The Cost of Bad Data

The Cost of Bad Data

Bad Data is duplicated, outdated, incorrect, or incomplete information that resides in multiple IT systems across a company’s data center. IBM estimated the yearly cost of poor quality data, in the US alone, was $3.1 trillion in 2016[i].

The reason bad data costs so much is that decision makers, managers, knowledge workers and others must accommodate it in their everyday work. And doing so is both time-consuming and expensive. The data they need has plenty of errors, and in the face of a critical deadline, many individuals simply make corrections themselves to complete the task at hand[ii].

Importantly, the benefits of improving data quality go far beyond reduced costs. It is hard to imagine any sort of future in data when so much is so bad. Thus, improving data quality is a gift that keeps giving — it enables you to take out costs permanently and to more easily pursue other data strategies. For all but a few, there is no better opportunity in data[iii].

Business cost of bad data may be as high as 10-25% of an organizations revenue. The cost of bad data in healthcare has been estimated to be around $314 billion. As much as 50% of a typical IT budget may be spent in “information scrap and rework.”[iv]

Healthcare Data is Increasingly Important (But Especially Challenging)

Healthcare organizations are confronted with bad data every day – although it may often be ignored or overlooked. Why?

  • Healthcare data is created by multiple systems in multiple formats.
    These systems are developed by multiple vendors for multiple purposes (e.g. EHR, practice management, human resources, risk management, etc.). Data is growing at a rate of 40% per year. More and more data is coming from outside the organization (e.g. patient satisfaction surveys, state & market databases, personal devices, etc.).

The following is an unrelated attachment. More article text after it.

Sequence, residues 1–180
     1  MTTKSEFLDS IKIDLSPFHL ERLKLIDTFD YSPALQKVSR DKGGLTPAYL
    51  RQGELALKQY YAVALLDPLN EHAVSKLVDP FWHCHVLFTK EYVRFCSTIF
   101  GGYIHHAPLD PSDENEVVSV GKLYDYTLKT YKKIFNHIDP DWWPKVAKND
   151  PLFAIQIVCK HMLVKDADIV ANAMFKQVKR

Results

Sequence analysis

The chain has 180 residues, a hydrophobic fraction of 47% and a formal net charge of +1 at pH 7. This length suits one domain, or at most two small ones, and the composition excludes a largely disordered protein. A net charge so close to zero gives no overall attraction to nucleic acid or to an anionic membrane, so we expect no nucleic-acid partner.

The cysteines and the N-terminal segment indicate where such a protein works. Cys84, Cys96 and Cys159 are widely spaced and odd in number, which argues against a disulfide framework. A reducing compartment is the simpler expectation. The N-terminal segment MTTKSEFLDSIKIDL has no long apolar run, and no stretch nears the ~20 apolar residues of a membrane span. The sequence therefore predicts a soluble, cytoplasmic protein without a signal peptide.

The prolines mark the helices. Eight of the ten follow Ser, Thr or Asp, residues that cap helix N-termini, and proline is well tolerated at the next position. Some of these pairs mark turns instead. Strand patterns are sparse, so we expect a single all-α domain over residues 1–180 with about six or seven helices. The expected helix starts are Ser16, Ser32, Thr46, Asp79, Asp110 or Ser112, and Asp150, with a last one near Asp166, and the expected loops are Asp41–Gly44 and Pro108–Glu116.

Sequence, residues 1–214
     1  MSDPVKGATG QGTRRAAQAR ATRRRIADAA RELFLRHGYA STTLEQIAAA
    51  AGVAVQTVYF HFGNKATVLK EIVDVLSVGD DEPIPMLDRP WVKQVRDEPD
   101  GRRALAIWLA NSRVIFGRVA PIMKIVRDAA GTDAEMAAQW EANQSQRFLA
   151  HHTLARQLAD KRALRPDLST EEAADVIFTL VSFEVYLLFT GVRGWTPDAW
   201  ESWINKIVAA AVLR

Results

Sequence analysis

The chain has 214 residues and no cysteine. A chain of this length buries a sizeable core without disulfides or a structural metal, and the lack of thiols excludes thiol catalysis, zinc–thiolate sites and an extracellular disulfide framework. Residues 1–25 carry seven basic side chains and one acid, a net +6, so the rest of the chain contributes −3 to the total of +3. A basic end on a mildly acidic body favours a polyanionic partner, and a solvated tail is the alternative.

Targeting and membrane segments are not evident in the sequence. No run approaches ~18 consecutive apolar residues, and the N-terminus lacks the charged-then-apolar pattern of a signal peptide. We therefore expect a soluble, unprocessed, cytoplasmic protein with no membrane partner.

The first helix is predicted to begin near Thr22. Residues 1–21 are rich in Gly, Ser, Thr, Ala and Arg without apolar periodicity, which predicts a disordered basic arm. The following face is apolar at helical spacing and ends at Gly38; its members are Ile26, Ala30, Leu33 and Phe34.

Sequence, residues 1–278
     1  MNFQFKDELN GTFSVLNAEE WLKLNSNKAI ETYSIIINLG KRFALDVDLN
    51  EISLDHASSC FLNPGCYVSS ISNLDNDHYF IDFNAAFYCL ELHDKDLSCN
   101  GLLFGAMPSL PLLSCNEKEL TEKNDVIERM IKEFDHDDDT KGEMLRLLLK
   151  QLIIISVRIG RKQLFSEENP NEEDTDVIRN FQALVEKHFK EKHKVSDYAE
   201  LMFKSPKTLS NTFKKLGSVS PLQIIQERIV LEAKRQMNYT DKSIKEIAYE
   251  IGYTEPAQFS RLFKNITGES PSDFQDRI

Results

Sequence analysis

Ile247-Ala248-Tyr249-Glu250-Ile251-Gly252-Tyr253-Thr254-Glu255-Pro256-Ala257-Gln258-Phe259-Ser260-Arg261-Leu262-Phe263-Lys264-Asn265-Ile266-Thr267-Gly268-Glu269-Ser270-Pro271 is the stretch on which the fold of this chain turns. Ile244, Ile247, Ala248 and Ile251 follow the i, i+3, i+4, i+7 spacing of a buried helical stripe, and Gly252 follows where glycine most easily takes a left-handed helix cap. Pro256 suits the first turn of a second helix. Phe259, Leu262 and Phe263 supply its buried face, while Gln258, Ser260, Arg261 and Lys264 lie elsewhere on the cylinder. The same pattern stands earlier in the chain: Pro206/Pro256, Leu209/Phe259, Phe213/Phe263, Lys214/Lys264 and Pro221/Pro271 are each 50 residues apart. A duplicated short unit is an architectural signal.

• Healthcare data has inconsistent and multiple definitions.
    Consider readmission data – an important metric for hospitals with implications on quality, patient satisfaction and revenue. The definition varies by context – CMS, state agencies and payors often differ in their inclusions/exclusions. All are important for different reasons.
  • Healthcare data is complicated.
    While developing standard processes that improve quality is one of the goals in healthcare, the number of data variables involved makes it far more challenging. You’re not working with a finite number of identical parts to create identical outcomes. Instead, you’re looking at an amalgam of individual systems that are so complex we don’t even begin to profess we understand how they work together (that is to say, the human body). Managing the data related to each of those systems (which is often being captured in disparate applications), and turning it into something usable across a population, requires a far more sophisticated set of tools than is needed for other industries like manufacturing[v].
  • Requirements for Healthcare data is constantly changing.
    ACOs, Value-based purchasing, Meaningful Use, MACRA/MIPS, Joint Commission are just a few of the recent demands for reporting and operational changes. Health systems need flexibility and agility to keep pace.

Healthcare has a unique data challenge that requires a unique solution. A solution that is centralized in the enterprise to aggregate the data and manage the definitions. A solution that understands healthcare analytics and overcomes the complexities while nimbly keeping pace with changing regulations.


[i] Bad Data Costs the U.S. $3 Trillion Per Year, Thomas C. Redman, September 22, 2016, Harvard Business
[ii] Excerpt from
[iii] Excerpt from
[iv] Excerpt from
[v] Excerpt from 5-reasons-healthcare-data-is-difficult-to-measure, by Dan LeSueur, HealthCatalyst

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